EuropaBio

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Things can get quite surreal in Brussels' EU quarter. On 22 January EuropaBio – the biotech lobby hub – organised an event to “explain the consumer benefits of GMOs”. But no consumer could possibly have learned about it: the event was confidential and no consumer group had been invited. A former Greenpeace member turned industry consultant and obsessional Greenpeace critic (he accuses them of being responsible for “crimes against humanity” for their opposition to a GM rice) was also invited. This did not stop some MEPs and high level Commission officials from speaking at the event.
Corporate Europe Observatory (CEO) submitted four complaints to the EU Transparency Register's secretariat, following an article published illustrating that the register is still incomplete and inconsistent.

Despite growing public concern about the risks associated to agrofuels, the European Union (EU) is throwing its weight behind the promotion of these often very harmful crops. In March 2007, a proposal set targets to increase the use of agrofuels in all road transport fuel to 10 percent by 2020. The Commission is also planning to channel large amounts of EU public funds towards the research & development of agrofuel projects.This report looks at the EU's Agrofuel Folly. Despite growing public concern about the risks associated to agrofuels, the European Union (EU) is throwing its weight behind the promotion of these often very harmful crops.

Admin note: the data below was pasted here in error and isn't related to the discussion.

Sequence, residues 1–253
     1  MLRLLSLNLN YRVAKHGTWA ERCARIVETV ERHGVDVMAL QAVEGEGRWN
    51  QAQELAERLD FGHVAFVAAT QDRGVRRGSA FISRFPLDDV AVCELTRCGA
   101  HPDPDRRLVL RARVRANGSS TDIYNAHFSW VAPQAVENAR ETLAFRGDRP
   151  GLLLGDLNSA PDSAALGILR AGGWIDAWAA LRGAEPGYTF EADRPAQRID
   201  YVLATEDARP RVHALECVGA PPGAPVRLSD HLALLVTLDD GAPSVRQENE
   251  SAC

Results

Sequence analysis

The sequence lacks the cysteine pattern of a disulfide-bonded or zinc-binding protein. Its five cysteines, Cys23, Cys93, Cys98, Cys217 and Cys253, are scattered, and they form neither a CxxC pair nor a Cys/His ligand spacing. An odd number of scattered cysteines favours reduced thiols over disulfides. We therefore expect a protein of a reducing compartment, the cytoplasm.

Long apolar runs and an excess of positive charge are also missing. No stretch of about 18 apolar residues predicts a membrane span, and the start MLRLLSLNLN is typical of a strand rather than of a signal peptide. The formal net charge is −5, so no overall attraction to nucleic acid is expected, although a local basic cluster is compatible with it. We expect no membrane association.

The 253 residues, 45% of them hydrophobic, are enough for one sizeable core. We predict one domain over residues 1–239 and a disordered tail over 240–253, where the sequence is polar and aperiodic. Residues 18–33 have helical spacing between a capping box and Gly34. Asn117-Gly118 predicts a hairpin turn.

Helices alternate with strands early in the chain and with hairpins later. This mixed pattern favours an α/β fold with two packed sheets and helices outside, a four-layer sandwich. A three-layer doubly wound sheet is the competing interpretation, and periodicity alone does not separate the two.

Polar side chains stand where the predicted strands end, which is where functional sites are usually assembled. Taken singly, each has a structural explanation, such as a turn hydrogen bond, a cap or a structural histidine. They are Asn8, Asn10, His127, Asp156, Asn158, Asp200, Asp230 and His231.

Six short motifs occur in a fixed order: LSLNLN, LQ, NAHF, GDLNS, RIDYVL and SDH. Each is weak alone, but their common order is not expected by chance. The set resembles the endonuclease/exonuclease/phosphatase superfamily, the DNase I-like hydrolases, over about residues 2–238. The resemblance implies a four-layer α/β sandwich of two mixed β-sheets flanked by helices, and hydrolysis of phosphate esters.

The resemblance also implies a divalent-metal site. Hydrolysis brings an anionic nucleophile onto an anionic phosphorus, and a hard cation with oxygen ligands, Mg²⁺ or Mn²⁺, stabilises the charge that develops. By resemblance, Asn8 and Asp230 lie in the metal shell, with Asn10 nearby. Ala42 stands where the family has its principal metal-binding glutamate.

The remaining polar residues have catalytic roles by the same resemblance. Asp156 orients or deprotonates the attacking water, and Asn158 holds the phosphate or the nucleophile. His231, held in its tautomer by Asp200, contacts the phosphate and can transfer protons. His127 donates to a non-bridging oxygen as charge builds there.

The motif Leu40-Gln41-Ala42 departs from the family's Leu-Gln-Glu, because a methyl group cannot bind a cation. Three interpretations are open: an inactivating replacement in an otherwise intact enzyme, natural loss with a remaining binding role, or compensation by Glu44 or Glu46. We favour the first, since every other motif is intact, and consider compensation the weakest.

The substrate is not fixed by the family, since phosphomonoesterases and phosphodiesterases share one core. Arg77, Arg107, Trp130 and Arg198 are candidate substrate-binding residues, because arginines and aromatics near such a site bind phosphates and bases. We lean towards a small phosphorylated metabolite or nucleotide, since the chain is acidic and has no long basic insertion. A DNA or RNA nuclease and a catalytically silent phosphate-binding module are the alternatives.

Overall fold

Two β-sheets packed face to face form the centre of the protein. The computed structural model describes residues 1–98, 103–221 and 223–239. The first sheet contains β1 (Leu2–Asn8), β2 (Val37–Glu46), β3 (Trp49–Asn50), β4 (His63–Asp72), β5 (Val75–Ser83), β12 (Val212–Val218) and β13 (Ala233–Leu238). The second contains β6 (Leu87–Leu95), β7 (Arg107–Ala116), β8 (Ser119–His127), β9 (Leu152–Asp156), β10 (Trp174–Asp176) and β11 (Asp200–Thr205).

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The European Court of Justice (ECJ) has confirmed in a ruling the legal status of food and feed crops derived from certain new genetic modification techniques. It gave clear confirmation that organisms from these new gene editing techniques are covered by existing EU GMO regulation.

Industry lobbyists are spending millions of euros to influence an upcoming EU decision on labelling titanium dioxide – found in everyday products like sunscreen – a “suspected carcinogen”. The lobbying is led by an unregistered trade association and a public relations consultancy; nonetheless, they appear to have the ear of member states and the European Commission.

We pay our taxes, so why don’t corporations? The Big Four are embedded in EU policy-making on tax avoidance and this report concludes that it is time to kick this industry out of EU anti-tax avoidance policy.

In her final decision on European Central Bank (ECB) President Mario Draghi’s membership of the Group of Thirty (G30), the European Ombudsman Emily O’Reilly has voiced disappointment about the bank’s reluctance to follow her recommendation to suspend Draghi’s G30 membership and to bar future presidents from joining the group.